The two resolved peaks provide further evidence that Xe is slow-exchange compartmentalized in complex biological systems. The spectrum required 8 hours of data accumulation, again-illustrating the difficulty of obtaining NMR data from Xe in biological systems. The solubility of Xenon and also of dioxygen in water is low. Due to the low sensitivity of the Xe signal, the time required for determining the relaxivity of O 2 toward Xe with a series of T 1 determinations over a range of O 2 concentrations in water would be prohibitively long. The relaxivity of O 2 toward Xe has been measured in only one liquid, i.
The observed relaxivity, 0. This translates into a T 1 value of 18 s in air-saturated lipid, and 80 s in anaerobic lipid, in the absence of other relaxers. This is the first reported value for the O 2 relaxivity toward Xe in a condensed phase. T 2 values over these O 2 concentrations have been determined to range from 0. These results indicate that the range of T 1 to be expected in tissue in vivo is about s. In fact, given the relative inefficiency of the known non-paramagnetic relaxation mechanisms, it is suspected that T 1 in many tissues will not fall below seconds or even tens of seconds.
These results are of critical importance to physiological studies using Xe magnetic resonance spectroscopy. However, since 12 hours were required to obtain this data set, the result serves only to estimate what the normal physiological T 1 might be in vivo. Although this result, obtained over a 12 hr period using Boltzmann Xe , might not be representative of physiological blood, the changes likely to occur in blood maintained at room temperature for long periods, e.
One can also estimate T 1 values for other model systems. T 1 for Xe in octanol, a classic membrane phase model, is 80 s.
Since membrane bilayers sequester both Xe and O 2 , it should be possible to use the values for Xenon and Oxygen distribution ratios, Reference 45 , between octanol and water of and , respectively, and of the O 2 relaxivity in octanol of 0. While the actual values of T 1 in each tissue must be, and remain to be, determined, it is expected that the minimum value will fall above 15 s, a duration sufficient to enable significant accumulation of polarized Xe in major tissues.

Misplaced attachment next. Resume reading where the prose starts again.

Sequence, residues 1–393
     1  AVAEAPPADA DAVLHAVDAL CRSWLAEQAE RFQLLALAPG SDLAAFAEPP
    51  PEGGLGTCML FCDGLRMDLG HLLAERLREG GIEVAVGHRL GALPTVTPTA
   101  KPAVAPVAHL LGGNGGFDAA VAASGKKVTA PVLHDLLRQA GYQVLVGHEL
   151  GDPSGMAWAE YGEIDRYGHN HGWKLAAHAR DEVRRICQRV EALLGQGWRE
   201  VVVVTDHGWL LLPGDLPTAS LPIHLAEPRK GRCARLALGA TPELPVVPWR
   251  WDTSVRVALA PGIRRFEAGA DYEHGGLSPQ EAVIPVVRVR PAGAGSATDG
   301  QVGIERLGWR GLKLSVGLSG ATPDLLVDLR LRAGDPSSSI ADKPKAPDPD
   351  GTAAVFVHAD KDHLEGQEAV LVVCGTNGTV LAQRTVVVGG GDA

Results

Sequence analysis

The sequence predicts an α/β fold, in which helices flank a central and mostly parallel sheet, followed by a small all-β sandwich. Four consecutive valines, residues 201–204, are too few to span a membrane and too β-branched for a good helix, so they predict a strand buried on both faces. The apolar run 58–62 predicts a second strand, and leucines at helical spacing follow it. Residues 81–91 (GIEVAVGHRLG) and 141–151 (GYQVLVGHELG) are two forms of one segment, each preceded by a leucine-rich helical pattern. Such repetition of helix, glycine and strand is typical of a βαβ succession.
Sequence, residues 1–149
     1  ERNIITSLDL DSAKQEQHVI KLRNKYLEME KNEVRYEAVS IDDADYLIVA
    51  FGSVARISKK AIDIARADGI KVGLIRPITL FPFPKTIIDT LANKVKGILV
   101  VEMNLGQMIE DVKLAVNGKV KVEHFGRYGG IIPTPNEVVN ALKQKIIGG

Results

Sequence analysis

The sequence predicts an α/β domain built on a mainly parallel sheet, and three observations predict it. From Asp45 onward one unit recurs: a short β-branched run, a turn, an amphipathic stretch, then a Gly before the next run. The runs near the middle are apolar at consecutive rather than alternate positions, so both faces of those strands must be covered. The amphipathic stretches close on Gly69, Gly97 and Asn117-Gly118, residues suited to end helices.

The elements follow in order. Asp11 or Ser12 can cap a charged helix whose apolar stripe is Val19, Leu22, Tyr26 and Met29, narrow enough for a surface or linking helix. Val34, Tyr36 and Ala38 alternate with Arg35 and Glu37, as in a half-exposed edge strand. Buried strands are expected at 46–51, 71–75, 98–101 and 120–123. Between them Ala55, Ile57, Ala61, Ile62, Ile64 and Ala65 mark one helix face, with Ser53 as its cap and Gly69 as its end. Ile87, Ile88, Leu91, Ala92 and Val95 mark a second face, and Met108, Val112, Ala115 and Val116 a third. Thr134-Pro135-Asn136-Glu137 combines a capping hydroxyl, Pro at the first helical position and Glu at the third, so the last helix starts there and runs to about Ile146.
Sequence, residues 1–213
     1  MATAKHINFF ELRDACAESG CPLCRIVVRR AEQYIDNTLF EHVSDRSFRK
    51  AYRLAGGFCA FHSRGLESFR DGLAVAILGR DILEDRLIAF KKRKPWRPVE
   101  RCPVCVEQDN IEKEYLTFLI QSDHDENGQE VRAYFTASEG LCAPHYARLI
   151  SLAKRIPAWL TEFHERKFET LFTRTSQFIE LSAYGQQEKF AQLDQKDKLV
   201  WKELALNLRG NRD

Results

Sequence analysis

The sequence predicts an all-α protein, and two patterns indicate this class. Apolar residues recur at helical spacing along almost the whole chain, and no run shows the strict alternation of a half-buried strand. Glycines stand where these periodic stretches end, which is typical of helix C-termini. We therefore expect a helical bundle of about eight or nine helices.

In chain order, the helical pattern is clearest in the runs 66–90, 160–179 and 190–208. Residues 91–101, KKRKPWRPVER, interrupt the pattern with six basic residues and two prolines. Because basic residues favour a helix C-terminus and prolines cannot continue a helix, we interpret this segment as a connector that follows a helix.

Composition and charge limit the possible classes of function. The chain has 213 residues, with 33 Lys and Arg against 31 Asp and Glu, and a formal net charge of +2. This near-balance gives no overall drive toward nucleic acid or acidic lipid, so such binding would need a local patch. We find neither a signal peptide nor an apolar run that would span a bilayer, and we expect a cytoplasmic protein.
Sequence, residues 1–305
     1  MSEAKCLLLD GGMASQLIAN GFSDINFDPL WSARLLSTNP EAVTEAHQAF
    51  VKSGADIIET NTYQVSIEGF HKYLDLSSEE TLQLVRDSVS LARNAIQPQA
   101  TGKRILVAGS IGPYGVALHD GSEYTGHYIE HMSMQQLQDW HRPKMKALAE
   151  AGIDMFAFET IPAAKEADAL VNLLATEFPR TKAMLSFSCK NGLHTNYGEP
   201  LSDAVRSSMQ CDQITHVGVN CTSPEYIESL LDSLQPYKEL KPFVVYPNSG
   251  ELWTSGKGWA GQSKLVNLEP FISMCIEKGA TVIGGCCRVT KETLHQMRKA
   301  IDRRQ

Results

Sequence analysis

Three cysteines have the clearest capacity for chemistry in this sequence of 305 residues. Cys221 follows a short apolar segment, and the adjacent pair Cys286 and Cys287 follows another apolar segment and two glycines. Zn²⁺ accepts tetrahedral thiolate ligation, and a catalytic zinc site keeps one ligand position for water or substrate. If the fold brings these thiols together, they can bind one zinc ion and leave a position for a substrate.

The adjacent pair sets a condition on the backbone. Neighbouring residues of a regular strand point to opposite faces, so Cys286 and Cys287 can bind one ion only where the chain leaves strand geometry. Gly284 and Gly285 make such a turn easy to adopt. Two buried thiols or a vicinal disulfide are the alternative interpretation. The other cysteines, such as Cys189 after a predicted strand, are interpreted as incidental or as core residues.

The unusual and extraordinary properties of hyperpolarized noble gases permit imaging of a wide variety of organs, body systems, and anatomical structures. Such structures can be imaged in live or deceased subjects, depending on application, and such subjects can include human as well as animal subjects. For example, hyperpolarized Xenon will have particular clinical importance in providing nuclear magnetic resonance imaging of neural tissue diseases, vascular plaques, compromised blood flow, tumors, as well as functional imaging of the brain's response to sensory stimuli.
The properties of other noble gases will render them useful in a variety of is other situations. For example, it is expected that because of its low solubility, 3 He will be of major clinical importance in imaging anatomical spaces such as lung or other artificially inflated organs. The differential solubility of Xenon and other lipid soluble, hyperpolarizable noble gas isotopes would permit noble gas NMR differentiation between white and gray matter in brain tissue, while lipid membranes are essentially invisible to 1 H 2 O MRI.
Hyperpolarized and Inert Gas MRI: From Technology to Application in R…
For example, with respect to neural tissue disease, in white matter regions of the lower medulla and the spinal cord 1 H 2 O MRI contrast is poor, while the high lipid solubility of Xenon and other noble gas anesthetics will permit imaging of hyperpolarized isotopes. Such imaging would have diagnostic importance for patients suffering from nerve tissue demyelination.
Hyperpolarized noble gas MRI would be of use for imaging of subdural hematomas as well as cystic and necrotic changes. Indications of low noble gas uptake in avascular regions would be valuable in demonstrating isodense fluid collections. In cases of multiple sclerosis, 1 H 2 O MRI often cannot provide useful images of plaques, while differential noble gas uptake high in normal tissue vs.
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Similarly, in cerebral vascular and peripheral blood vessel plaques, the plaques have little or no noble gas uptake and would appear dark in a noble gas image. Images of Xenon and other noble gas anesthetics would also indicate cerebral, coronary and peripheral vessel defects; providing obvious indications of blood vessel constrictions and aneurysms.